Thank you for sharing!

Your article was successfully shared with the contacts you provided.
Former Stanford Law School Dean Kathleen Sullivan has joined Quinn Emanuel Urquhart Oliver & Hedges as of counsel with the task of building an appellate practice for the firm. Sullivan remains on Stanford’s law faculty and will continue to head Stanford’s new constitutional law center, expected to be launched in the next academic year. She officially began working at Quinn Emanuel’s Silicon Valley office this week. “Quinn Emanuel made an irresistible offer,” she said. “They gave me carte blanche to build an appellate practice from scratch.” Sullivan said she has been creating lawyers for 20 years, and the chance to work in a new capacity was exciting. She said she also hoped to build a synergy between Quinn Emanuel and the pro bono work to be done through the constitutional law center. A nationally recognized constitutional scholar, Sullivan has argued three cases before the U.S. Supreme Court, most recently representing wineries in their challenge to bans on the direct shipment of wine to consumers living out of state. She argued that case last month. Last year she was on the legal team challenging the McCain-Feingold campaign finance law, which the Supreme Court subsequently upheld. Sullivan is currently representing Kamehameha Schools, an educational trust left by one of the last monarchs of Hawaii for the education of native Hawaiian children. She argued the case, in which plaintiffs oppose the racial preference funding, before the 9th U.S. Circuit Court of Appeals in November. Sullivan stepped down as Stanford’s dean in September after a five-year term. During her tenure she raised more than $100 million for the school and oversaw the creation of centers of Internet, e-commerce, biotechnology and constitutional law. As is typical after ending a term as dean, Sullivan is taking a one-year leave of absence. Until she resumes teaching, she will work full-time building Quinn Emanuel’s appellate practice and getting the constitutional law center off the ground. At the end of her sabbatical she will work one day a week at Quinn Emanuel’s Silicon Valley office. A go-to firm for business litigation, Quinn Emanuel is seeking to become a dominant player in the appellate arena with the addition of Sullivan. “We’re hoping she’ll be able to identify outstanding oral and written advocates and recruit them to join us,” said Managing Partner John Quinn. With such a team, “our firm would have to be considered for any major business case that goes on appeal,” as well as any major pro bono or public policy matter, he said. Quinn said the size of the practice would depend on the number of outstanding people the firm is able to recruit. Sullivan said she hopes to bring in former students. Sullivan has known Quinn and partner A. William Urquhart since they worked together at New York’s Cravath, Swaine & Moore. A summer associate at the time, Sullivan worked with Urquhart, then an associate, on a pro bono race discrimination case against the Tennessee Valley Authority. She said she became re-acquainted with Urquhart when he was recruiting at Stanford. Sullivan joined Stanford’s faculty in 1993. Before that she spent nine years as a professor at Harvard Law School where she received her law degree in 1981. She began her career as a research assistant, and later a litigation associate, for Laurence Tribe, who had been her constitutional law professor. One of the matters she worked on with Tribe was the unsuccessful defense of Rev. Sun Myung Moon in a criminal tax case. Sullivan made her first court appearance for Quinn Emanuel last week in a class action brought against Philip Morris. The firm represents cigarette consumers who allege the multibillion-dollar settlement the tobacco companies reached with 46 state governments in 1998 amounts to a price-fixing cartel. Sullivan argued against Philip Morris’ motion to dismiss the case before U.S. District Judge Susan Illston, who has yet to issue a ruling on the motion.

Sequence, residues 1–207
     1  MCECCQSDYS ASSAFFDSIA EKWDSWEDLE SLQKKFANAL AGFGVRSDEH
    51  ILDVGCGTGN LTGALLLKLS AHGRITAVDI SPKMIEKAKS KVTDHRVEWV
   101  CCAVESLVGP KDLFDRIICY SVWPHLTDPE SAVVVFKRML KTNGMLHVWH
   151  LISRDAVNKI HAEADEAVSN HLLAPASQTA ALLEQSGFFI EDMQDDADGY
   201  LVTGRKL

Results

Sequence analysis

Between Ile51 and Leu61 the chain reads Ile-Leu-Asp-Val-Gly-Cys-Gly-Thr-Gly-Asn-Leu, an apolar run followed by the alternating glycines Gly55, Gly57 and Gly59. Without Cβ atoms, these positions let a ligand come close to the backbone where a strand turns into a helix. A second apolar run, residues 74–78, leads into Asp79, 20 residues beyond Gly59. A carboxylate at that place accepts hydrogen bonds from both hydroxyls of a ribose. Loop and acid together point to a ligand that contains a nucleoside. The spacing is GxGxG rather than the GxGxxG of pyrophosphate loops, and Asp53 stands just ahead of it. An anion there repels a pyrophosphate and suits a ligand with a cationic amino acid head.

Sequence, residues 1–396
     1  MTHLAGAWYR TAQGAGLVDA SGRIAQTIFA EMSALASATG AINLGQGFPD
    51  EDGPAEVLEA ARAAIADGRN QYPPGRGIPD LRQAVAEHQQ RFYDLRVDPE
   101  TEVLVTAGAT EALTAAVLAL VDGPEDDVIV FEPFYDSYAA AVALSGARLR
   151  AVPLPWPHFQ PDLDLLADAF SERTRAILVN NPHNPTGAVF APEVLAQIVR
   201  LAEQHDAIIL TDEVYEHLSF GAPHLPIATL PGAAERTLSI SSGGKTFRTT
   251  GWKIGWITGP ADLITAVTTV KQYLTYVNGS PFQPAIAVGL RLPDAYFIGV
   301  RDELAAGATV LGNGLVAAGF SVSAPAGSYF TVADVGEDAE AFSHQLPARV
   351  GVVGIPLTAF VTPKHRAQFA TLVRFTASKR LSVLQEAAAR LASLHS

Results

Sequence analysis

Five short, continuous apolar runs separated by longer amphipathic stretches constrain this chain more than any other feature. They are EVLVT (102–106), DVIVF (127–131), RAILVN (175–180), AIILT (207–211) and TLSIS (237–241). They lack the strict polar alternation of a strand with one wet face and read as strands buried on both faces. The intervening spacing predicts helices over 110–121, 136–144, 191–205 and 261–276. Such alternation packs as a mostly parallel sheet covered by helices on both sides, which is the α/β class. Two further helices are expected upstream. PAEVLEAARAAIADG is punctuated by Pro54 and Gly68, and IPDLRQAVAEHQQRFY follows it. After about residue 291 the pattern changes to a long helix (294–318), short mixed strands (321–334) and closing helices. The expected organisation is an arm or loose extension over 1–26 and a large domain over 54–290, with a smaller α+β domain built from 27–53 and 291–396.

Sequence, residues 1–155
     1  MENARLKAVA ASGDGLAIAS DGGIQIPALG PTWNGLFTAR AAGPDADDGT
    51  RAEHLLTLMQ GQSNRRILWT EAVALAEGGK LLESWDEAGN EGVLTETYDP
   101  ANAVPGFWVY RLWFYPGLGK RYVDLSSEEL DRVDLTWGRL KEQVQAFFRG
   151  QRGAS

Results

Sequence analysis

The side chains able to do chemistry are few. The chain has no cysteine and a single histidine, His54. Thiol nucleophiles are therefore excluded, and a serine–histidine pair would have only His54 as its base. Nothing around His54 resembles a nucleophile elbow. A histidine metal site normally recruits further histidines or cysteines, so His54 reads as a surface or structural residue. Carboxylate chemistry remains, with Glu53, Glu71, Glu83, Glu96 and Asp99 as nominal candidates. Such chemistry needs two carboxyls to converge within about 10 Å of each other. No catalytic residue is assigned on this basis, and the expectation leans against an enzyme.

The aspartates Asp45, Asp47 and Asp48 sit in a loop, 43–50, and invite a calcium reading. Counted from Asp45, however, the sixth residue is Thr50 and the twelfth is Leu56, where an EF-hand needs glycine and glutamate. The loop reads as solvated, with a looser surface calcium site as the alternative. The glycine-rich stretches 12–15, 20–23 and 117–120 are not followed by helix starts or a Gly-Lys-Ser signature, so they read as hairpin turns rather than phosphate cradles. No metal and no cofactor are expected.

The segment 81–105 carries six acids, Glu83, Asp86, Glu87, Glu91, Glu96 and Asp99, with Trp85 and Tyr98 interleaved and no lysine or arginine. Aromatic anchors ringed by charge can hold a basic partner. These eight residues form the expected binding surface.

This content has been archived. It is available through our partners, LexisNexis® and Bloomberg Law.

To view this content, please continue to their sites.

Not a Lexis Advance® Subscriber?
Subscribe Now

Not a Bloomberg Law Subscriber?
Subscribe Now

Why am I seeing this?

LexisNexis® and Bloomberg Law are third party online distributors of the broad collection of current and archived versions of ALM's legal news publications. LexisNexis® and Bloomberg Law customers are able to access and use ALM's content, including content from the National Law Journal, The American Lawyer, Legaltech News, The New York Law Journal, and Corporate Counsel, as well as other sources of legal information.

For questions call 1-877-256-2472 or contact us at [email protected]

Reprints & Licensing
Mentioned in a Law.com story?

License our industry-leading legal content to extend your thought leadership and build your brand.


ALM Legal Publication Newsletters

Sign Up Today and Never Miss Another Story.

As part of your digital membership, you can sign up for an unlimited number of a wide range of complimentary newsletters. Visit your My Account page to make your selections. Get the timely legal news and critical analysis you cannot afford to miss. Tailored just for you. In your inbox. Every day.

Copyright © 2021 ALM Media Properties, LLC. All Rights Reserved.